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reception ; but a new establishment, resolved to be original throughout, assumes the name of Meson. This seems a compliance with that tendency in the present day to Frenchify the Spanish language; that same inducement which has led some courtly writers here to substitute the French u for their own sonorous o, but whose vil. lanous saffron, it is to be boped, will fail upon the dough of the country at large.”

Posada is from posar to repose; venta is from vender to sell, but the “ step of elevation" we do not discover. Fonda, he says, is of equal use with the rest, but it is wholly in disuse and is not Spanish in any sense that is here applied to it. Uostalris is not a Spanish word, but Hostal was anciently employed. Meson is never now named. How the reader is to puzzle out his classification from such a Lingua Franca we do not know; but we can assure Mr. Keatinge that there is no tendency to 6 Frenchify” the Spanish language, and as to the delinquency of the “ courtly writers,” the “ villanous saffron” which “it is hoped will fail upon the dougb of the country at large,” we have no ray of light to encourage us to seek for his meaning. A writer in his inquiries as to the several kinds of geniuses, dealers in the profound, amuses himself with an arrangement sufficiently appropriate from natural history, and he resembles the class to which Mr. Keatinge belongs, to the didapper “ authors, that keep themselves long out of sight under water, and come up where you least expect them.”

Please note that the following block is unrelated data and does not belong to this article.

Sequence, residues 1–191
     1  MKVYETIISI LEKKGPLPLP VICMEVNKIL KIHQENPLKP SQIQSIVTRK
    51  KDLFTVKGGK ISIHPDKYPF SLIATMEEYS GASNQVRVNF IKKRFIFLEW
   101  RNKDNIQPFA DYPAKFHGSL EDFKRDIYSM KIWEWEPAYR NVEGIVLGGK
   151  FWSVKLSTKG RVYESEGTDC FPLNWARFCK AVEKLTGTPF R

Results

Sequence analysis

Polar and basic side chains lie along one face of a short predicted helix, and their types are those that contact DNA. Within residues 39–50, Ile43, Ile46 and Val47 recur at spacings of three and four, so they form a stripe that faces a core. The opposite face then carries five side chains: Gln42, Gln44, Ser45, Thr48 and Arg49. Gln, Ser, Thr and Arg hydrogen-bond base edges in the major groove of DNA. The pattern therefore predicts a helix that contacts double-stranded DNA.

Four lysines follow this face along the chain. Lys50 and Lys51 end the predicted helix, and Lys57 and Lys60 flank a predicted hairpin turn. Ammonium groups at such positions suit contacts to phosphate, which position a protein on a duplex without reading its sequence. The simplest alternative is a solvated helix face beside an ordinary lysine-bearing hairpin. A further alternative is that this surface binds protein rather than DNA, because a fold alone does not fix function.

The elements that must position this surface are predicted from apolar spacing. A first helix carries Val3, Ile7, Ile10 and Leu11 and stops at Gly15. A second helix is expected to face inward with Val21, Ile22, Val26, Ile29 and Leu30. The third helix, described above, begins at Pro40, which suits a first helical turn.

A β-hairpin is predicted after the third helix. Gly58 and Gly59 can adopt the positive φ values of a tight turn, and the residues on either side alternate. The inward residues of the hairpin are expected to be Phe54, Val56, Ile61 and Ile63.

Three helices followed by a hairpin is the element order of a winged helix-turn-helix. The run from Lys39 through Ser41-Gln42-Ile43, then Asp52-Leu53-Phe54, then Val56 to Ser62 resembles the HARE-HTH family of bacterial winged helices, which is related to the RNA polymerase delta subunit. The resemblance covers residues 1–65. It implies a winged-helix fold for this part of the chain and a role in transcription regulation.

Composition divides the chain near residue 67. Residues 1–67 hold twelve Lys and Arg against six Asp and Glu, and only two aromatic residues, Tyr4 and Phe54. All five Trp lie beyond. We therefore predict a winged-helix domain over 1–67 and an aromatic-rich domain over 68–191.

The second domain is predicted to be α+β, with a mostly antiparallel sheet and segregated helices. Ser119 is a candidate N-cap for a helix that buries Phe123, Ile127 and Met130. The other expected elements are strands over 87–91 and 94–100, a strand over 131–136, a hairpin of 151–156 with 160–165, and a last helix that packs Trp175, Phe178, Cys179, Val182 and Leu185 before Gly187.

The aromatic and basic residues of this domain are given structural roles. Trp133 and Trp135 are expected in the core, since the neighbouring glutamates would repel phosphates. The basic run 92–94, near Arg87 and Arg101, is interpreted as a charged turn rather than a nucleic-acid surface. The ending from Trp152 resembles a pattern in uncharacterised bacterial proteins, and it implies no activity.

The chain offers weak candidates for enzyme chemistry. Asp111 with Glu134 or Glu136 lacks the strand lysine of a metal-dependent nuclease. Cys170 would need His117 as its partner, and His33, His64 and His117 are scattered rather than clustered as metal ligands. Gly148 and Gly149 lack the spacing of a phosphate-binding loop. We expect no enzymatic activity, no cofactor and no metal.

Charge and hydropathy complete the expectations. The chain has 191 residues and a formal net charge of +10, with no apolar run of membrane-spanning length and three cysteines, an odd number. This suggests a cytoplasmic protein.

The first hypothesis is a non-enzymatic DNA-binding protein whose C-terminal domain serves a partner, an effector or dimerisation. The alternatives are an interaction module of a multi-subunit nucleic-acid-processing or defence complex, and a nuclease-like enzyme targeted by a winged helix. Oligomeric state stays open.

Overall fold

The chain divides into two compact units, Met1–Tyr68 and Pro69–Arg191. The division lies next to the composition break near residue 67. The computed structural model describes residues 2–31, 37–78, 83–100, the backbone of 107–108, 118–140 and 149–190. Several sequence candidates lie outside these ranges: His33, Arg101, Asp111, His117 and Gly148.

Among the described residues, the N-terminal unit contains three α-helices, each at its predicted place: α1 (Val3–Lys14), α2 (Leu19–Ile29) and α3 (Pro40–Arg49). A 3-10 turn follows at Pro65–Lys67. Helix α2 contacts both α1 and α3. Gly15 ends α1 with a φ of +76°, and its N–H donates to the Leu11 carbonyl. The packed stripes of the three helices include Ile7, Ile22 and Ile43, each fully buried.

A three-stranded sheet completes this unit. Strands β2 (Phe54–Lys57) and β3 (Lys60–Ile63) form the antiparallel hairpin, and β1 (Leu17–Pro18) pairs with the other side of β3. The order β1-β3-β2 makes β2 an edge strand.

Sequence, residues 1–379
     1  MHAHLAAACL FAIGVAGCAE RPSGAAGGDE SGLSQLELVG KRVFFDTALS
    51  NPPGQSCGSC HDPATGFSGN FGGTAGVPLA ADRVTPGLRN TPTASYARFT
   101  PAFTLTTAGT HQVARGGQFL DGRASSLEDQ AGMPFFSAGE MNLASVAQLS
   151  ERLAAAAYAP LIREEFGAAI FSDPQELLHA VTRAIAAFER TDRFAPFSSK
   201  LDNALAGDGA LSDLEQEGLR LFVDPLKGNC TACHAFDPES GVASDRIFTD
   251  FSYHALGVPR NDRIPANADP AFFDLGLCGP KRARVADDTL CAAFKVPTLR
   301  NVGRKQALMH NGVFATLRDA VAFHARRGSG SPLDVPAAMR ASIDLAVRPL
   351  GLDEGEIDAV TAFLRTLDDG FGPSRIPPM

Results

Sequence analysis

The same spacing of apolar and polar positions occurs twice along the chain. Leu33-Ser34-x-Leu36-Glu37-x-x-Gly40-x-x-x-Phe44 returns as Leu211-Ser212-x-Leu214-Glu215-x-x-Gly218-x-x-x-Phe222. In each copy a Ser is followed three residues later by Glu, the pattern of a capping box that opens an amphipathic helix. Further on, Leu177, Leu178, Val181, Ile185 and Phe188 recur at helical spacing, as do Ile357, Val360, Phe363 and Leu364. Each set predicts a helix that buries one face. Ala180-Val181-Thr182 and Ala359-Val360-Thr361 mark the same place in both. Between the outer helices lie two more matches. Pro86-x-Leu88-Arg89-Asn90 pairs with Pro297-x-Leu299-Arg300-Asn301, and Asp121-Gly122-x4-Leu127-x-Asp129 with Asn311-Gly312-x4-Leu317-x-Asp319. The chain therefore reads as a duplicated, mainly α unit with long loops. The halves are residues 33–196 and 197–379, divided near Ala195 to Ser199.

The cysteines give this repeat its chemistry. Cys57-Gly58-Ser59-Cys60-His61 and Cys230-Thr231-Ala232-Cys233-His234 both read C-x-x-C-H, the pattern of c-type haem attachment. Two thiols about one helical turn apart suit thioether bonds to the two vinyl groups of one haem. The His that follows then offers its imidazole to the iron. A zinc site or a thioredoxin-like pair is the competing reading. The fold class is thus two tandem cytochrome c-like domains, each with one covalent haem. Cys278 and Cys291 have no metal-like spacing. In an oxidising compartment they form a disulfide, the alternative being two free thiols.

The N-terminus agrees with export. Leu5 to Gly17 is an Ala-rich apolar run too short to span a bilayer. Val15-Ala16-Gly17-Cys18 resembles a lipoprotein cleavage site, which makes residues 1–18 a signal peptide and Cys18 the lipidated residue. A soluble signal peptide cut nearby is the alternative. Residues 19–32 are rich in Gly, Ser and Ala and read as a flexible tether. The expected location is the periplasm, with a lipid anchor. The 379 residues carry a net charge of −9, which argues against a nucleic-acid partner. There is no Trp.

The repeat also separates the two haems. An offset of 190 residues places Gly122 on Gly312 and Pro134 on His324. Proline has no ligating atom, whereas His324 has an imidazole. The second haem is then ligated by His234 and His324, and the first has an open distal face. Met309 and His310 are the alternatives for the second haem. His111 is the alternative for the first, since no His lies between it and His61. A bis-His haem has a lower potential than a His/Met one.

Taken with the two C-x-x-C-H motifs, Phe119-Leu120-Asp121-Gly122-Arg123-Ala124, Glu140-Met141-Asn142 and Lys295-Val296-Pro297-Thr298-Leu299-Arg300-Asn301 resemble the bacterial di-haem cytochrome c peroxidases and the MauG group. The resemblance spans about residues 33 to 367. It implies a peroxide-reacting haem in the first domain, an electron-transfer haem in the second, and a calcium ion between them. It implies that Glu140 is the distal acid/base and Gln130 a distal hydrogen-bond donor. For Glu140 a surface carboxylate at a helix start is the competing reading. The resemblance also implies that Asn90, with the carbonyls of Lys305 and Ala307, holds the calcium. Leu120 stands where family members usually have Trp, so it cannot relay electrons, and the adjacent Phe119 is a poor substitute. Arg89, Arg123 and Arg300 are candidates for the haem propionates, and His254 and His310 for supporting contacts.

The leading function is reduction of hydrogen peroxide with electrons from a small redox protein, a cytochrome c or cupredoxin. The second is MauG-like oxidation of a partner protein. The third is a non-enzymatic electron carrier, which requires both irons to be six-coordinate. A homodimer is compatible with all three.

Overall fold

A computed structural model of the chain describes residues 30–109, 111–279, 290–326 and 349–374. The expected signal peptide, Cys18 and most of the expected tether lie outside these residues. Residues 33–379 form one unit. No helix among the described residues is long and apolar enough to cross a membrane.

The gentleman now advances with more rapidity, and we must follow his steps.

“ CORDOVA presents to the traveller Mohammedan scenery. A few short hours of route convey him from Etruria to Bagdats. This place was chosen by the Mohammedans with their usual judgment. Descriptions of it are to be met with in abundance. Command of water was, with reason, and necessarily, a requisite in their social establishments; there tendency to which was very peculiar, since man in general, by the selfishness of his disposition, unless unavoidably compelled, prefers insulated situations. Even wben demiciliated, which is not the result of propensity, he prefers living on the profit, and of course in the centre of his agricultural labours." ,

We are not aware at all in what way the author got to modern Tuscany, or what that country has to do with the subject : Bagdats, we presume, is a misnomer for Bagdat; and in how many hours or minutes his flighty imagination may convey him from the one to the other, is a calculation